What’s even worse is that the checkout process is so heavily entangled in core components on the website that changing anything in the checkout process COULD have a huge impact on other areas of the website.
Using a conventional monolithic system would mean that the site needs to be migrated to a test server, patched and fixed, and then carefully migrated back to the production environment. This could cause lengthy downtime for your users - and with the increase in demand for toilet paper, you want to ensure you can capture every last penny in the market.
With headless, your checkout process (as long as you are using a good developer) will be completely stand-alone from other core functions of the website. This allows you to work on the checkout issue in isolation and patch the site on the fly without running the risk of affecting other areas of your store.
2. UX design adapted for working from home:
While the 2020 Pandemic has brought a whole new set of challenges for businesses and beyond, it has brought a world of new design opportunities for user experience designers. Working from home is the new norm, let’s face it. But that isn’t all bad.
Why UX design could become a technology megatrend in 2021:
With new challenges come new possibilities. Adapting to the new world where everyone must keep their distance, whether in the grocery store checkout line or being positioned at home rather than in the office, has encouraged UX designers to take a different approach.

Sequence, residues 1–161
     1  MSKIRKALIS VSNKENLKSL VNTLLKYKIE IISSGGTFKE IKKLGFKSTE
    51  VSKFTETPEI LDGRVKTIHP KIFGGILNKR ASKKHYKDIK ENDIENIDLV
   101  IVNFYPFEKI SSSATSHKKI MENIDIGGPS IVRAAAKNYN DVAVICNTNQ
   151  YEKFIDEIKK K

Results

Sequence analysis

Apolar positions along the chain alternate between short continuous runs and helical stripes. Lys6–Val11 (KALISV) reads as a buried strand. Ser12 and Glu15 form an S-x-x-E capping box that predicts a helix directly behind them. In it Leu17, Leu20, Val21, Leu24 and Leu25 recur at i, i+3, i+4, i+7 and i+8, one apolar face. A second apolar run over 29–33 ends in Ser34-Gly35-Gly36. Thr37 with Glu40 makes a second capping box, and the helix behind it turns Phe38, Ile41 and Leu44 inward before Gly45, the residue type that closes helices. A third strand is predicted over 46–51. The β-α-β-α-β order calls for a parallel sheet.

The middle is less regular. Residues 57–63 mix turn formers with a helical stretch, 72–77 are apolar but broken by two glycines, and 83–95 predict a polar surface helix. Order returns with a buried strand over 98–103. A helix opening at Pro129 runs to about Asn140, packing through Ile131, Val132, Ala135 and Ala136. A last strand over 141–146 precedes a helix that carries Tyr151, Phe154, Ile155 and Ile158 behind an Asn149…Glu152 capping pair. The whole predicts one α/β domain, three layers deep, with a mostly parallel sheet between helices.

UX designers take advantage of the tools at their disposal, which benefits their work and saves them time when put to the correct use. Essentially, the following tools act as an at-home replica of what UX designers are used to in the office.
For project management, programs like Basecamp and Trello help keep communication lines open between designers and co-workers. Miro and Mural are ideal for brainstorming remotely. There are prototyping tools like Figma, InVision, and remote user testing tools like UserTesting.
This is where UX design adaptations come in:
Pre-pandemic, UX designers would often find themselves working in groups for research, brainstorming, and even testing. While many are used to being part of an in-person collaboration team, working in the office together may not happen until later this year.
The office was a place for processing information, but as times change, the emerging technologies in 2021 are about learning to work wherever. The workplace isn’t confined to an office, as many UX designers are adapting to the work from home scenario smoothly. A park bench, a cafe table, or even the gym - it’s all a workplace now.
Take this scenario as an example:
It’s the middle of a lockdown, and you’re at the supermarket self-checkout, but you’re faced with a touch screen to select your payment method. Whether it be the overwhelming fear of how many people have touched the screen or the fact that it’s the end of the day and there are no sanitizing wipes left, UX designers were needed either way.
As an alternative, voice interface technology has become more common than not. The advantage of voice user interfaces (VUIs) is that you can talk to the screen, rather than touch it, reducing contamination.